I recently ran a photo competition for the Beef Bulletin. We received this photo from Sharon at Longwarry in Victoria – of her beloved cow, Bernadett, calmly chewing on pasture amidst heavy smoke on the morning of the devastating 2009 Victorian bushfires. Sharon said: “There was a lot of smoke; you could not see the sky. The smoke crept in through the trees, much like the fog that we get coming in some winter nights.”

“This is a photo of our much loved cow Brenair Park Bernadett, taken during the bushfires in Victoria. We breed Stud Simmental cattle.  Our property is at Longwarry and the fires jumped the highway and came to within a kilometre or so of us.

This older cow, Bernadett, never got upset with all the events going on and this contributed to keeping the other cattle calm.

The sky that day was very orange and grey; the smoke filtered out the sun. It was all very eerie.  Embers flew around the town and they thought we would have to evacuate. Farmers refused to go and remained with their animals.  We bought the cattle up near the home for what protection we could give.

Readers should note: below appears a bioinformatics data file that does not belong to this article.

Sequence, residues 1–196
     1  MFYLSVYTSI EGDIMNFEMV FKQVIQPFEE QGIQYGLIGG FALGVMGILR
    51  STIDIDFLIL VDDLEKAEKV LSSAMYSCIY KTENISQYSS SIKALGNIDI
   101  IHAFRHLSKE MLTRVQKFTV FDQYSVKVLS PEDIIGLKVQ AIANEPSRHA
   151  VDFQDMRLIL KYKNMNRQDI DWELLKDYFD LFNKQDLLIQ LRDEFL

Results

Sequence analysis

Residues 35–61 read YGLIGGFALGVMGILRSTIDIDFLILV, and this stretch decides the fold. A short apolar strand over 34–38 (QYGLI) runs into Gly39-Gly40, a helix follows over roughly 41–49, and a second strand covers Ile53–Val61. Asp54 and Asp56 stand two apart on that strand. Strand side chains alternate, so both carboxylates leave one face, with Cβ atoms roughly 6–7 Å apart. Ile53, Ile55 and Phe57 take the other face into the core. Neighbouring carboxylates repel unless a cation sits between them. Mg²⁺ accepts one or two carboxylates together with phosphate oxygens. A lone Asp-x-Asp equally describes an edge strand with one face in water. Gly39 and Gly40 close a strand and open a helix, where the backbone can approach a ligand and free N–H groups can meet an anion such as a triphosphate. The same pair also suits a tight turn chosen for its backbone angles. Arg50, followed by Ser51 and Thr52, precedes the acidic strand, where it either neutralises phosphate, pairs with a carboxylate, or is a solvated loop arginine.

We were fortunate that we never lost any cattle, but very sadly, hundreds of other farmers did.

Bernadette, aged 15, on greener pasture after the bushfire.

Bernadett is an interesting matron. She was bred by Don Mathieson at Drysdale Victoria, from German imported genetics. The cow is now 15 years of age and was 14 at the time of the photo. 

The older cow has a lot of history and we have had several offers from other breeders wanting to purchase her, but she will always remain here.  We have always liked her and the previous owner would not sell her, not until he had a dispersal sale a few years ago and we were lucky to buy her.  No one knew she had record figures for Marbling, Tenderness and Feed Efficiency at the sale. It was not until some time after we got her home and tested her that the results came through.

Bernadett has the World record of the highest DNA cow on record for Simmental for Marbling, Tenderness and Feed Efficiency, she has calved every year with all registered progeny and has survived three homes and a bushfire.”

You can see some of the other Beef CRC photo competiton entries on FlickR.


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